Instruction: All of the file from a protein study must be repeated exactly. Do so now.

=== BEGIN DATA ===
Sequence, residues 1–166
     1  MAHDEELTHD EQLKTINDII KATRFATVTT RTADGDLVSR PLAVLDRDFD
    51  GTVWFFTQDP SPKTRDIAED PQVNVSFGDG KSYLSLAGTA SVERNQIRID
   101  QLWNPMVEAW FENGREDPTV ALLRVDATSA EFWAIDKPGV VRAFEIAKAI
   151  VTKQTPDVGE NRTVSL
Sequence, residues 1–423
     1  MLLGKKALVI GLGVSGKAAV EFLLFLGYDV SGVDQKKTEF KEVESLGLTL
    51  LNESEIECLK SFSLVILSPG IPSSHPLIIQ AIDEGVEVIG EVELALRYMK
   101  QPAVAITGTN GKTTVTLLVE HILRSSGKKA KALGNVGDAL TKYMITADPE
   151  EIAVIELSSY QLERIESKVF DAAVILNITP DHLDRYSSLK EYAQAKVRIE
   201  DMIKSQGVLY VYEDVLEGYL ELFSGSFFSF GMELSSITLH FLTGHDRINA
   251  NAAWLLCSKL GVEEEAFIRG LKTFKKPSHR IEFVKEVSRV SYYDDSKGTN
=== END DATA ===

Sequence, residues 1–166
     1  MAHDEELTHD EQLKTINDII KATRFATVTT RTADGDLVSR PLAVLDRDFD
    51  GTVWFFTQDP SPKTRDIAED PQVNVSFGDG KSYLSLAGTA SVERNQIRID
   101  QLWNPMVEAW FENGREDPTV ALLRVDATSA EFWAIDKPGV VRAFEIAKAI
   151  VTKQTPDVGE NRTVSL
Sequence, residues 1–423
     1  MLLGKKALVI GLGVSGKAAV EFLLFLGYDV SGVDQKKTEF KEVESLGLTL
    51  LNESEIECLK SFSLVILSPG IPSSHPLIIQ AIDEGVEVIG EVELALRYMK
   101  QPAVAITGTN GKTTVTLLVE HILRSSGKKA KALGNVGDAL TKYMITADPE
   151  EIAVIELSSY QLERIESKVF DAAVILNITP DHLDRYSSLK EYAQAKVRIE
   201  DMIKSQGVLY VYEDVLEGYL ELFSGSFFSF GMELSSITLH FLTGHDRINA
   251  NAAWLLCSKL GVEEEAFIRG LKTFKKPSHR IEFVKEVSRV SYYDDSKGTN